Previous studies have demonstrated that the TAK1-associating protein TAB2 interacts with TRAF6 in an IL-1-dependent manner, resulting in the formation of a TRAF6-TAB2-TAK1 complex (36
). Formation of this complex appears to be required for IL-1-mediated activation of JNK and NF-κB. In fact, mutational analysis has revealed that the integrity of the TAB2 protein is essential not only for activating downstream signals but also for mediating the association of TAK1 with TRAF6. In addition, our previous results have shown that once IL-1 signaling is initiated, the membrane pool of TAB2 translocates to the cytosol, where it mediates the interaction between TRAF6 and TAK1 (36
). Therefore, in our present picture, TAB2 acts as an adapter that links TAK1 and TRAF6 and thereby mediates the activation of TAK1 in the IL-1 signaling pathway. By this model, the redistribution of TAB2 proteins upon IL-1 stimulation is a key step in the specific activation of TAK1. In addition, IRAK is essential for the activation of NF-κB and JNK by IL-1 and functions upstream of TRAF6 in the IL-1 pathway (13
). However, the role of IRAK in this signal transduction cascade has previously not been defined. In this study, we examined how IRAK mediates the activation of TAK1 in response to the IL-1 signal.
Several lines of evidence lead us to propose that IRAK plays a critical role in the formation of the TRAF6-TAB2-TAK1 complex by inducing the translocation of TAB2. First, IL-1 treatment induces the association of IRAK-TAB2, IRAK-TRAF6, TRAF6-TAB2, and TRAF6-TAK1, each with similar kinetics, consistent with the idea that IL-1 induces the formation of a multicomponent complex. Second, in IRAK-deficient cells, TAB2 translocation to the cytosol and its association with TRAF6 in response to IL-1 are abolished. These results indicate that IRAK regulates the redistribution of TAB2 upon IL-1 stimulation and facilitates the formation of the TRAF6-TAB2 complex. Third, TAK1 activation occurs rapidly following IL-1 application. The kinetics of TAK1 activation following IL-1 stimulation parallels the observed formation of complexes among IRAK, TRAF6, TAB2, and TAK1. It therefore seems reasonable to assume that formation of the TRAF6-TAB2-TAK1 complex constitutes an early event in the activation of TAK1 by IL-1. Finally, IL-1 stimulation does not induce activation of TAK1 in IRAK-deficient cells, demonstrating that IRAK indeed is essential for TAK1 activation in response to IL-1. Taken together, these results suggest a model in which IRAK functions in IL-1 signaling to facilitate the formation of the TRAF6-TAB2 complex. This model implies that IRAK-mediated relocalization of TAB2 plays an important role in IL-1 signaling. It remains to be determined, however, whether a large complex containing IRAK, TRAF6, and TAB2 is formed.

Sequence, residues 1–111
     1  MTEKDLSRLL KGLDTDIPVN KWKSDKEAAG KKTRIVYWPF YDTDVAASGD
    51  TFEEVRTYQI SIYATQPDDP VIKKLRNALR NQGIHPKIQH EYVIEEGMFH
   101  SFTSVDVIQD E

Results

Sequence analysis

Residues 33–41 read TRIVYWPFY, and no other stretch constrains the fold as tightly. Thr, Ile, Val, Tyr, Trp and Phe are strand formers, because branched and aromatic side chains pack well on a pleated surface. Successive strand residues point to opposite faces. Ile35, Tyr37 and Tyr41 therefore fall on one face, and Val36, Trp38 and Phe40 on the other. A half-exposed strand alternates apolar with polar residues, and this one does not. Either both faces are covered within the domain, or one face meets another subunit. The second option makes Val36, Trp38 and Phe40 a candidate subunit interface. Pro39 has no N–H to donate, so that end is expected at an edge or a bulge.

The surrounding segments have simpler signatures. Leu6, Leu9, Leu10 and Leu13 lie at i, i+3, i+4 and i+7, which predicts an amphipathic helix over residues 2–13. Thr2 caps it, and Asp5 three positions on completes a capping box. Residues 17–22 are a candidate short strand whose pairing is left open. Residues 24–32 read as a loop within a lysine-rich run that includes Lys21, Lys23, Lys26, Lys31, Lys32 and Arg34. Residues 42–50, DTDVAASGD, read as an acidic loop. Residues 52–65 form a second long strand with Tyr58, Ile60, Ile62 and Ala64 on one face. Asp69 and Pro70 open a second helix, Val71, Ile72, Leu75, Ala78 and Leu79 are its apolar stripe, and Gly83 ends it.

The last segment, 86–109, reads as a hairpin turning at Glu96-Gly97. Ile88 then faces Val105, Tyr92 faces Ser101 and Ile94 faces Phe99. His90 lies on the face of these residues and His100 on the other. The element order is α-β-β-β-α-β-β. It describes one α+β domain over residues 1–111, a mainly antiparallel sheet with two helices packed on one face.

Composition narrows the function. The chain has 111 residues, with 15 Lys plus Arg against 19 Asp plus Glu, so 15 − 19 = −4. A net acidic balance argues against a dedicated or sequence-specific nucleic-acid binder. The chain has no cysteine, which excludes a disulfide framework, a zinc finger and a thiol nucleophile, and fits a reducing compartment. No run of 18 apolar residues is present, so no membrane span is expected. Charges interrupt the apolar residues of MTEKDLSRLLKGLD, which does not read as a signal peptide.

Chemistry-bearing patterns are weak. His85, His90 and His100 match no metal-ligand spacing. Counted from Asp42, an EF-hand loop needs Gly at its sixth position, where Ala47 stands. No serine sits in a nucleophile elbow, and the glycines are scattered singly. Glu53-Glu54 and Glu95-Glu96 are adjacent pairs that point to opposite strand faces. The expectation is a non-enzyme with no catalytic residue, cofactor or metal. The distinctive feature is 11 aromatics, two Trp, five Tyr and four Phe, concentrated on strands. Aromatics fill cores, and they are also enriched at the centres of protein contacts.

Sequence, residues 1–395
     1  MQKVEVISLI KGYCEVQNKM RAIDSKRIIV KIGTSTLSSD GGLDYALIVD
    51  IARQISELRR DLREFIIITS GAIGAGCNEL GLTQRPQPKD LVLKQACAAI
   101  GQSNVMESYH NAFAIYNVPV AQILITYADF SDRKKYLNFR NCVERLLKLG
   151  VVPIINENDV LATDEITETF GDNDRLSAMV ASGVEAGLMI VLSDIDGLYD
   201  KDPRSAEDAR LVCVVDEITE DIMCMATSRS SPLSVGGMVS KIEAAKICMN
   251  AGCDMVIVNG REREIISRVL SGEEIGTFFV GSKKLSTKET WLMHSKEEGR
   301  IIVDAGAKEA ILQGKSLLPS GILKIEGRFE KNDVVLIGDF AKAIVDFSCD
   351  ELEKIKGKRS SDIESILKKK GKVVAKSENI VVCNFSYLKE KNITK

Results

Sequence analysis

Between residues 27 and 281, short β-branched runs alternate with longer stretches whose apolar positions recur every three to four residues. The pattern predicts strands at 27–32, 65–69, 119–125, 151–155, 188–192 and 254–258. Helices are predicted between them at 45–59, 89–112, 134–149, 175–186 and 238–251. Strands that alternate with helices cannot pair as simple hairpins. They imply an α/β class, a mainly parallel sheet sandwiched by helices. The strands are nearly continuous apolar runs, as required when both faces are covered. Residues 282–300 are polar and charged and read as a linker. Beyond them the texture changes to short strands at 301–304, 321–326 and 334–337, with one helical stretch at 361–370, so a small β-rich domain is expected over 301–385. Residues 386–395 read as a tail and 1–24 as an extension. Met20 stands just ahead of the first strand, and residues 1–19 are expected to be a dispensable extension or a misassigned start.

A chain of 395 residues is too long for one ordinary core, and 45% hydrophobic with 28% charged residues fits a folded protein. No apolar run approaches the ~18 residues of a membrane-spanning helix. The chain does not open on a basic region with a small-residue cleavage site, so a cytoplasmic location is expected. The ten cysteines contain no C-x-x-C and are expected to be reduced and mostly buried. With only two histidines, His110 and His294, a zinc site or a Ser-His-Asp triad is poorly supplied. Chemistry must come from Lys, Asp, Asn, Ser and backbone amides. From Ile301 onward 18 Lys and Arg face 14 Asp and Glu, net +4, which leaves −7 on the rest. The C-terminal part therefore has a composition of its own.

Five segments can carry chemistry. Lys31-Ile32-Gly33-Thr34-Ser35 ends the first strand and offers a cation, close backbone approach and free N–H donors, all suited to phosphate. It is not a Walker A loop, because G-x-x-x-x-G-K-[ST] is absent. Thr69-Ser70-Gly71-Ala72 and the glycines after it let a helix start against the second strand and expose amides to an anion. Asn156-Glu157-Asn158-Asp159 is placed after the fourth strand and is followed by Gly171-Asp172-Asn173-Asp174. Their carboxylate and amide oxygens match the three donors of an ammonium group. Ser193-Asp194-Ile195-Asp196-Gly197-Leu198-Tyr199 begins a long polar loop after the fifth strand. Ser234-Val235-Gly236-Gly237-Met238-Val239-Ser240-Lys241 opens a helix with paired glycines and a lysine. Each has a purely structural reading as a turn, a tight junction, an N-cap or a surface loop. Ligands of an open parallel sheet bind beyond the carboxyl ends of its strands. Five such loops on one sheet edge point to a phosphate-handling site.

The innate immune mechanisms of host defense responses in vertebrates and Drosophila melanogaster
utilize remarkably conserved molecular components (11
). Analogous to IL-1 signaling, the Drosophila
Toll pathway leads to the phosphorylation and degradation of the IκB-like molecule Cactus, releasing the NF-κB-like transcription factor Dorsal to enter the nucleus. Dorsal activation signaled by Toll requires two intermediate signal transducers, Tube and Pelle (21
). Pelle is a serine/threonine kinase that is homologous to IRAK. Tube is an adapter molecule that tethers Pelle to the membrane (7
). Tube is therefore a functional homolog of MyD88, although these two molecules are not structurally related. A Drosophila
homolog of TRAF6 was recently identified (24
), leading to speculation that TRAF may also be involved in the Drosophila
Toll pathway. Furthermore, a novel evolutionarily conserved protein, Pellino, associates with Pelle and is thought to link between Pelle and the downstream target (10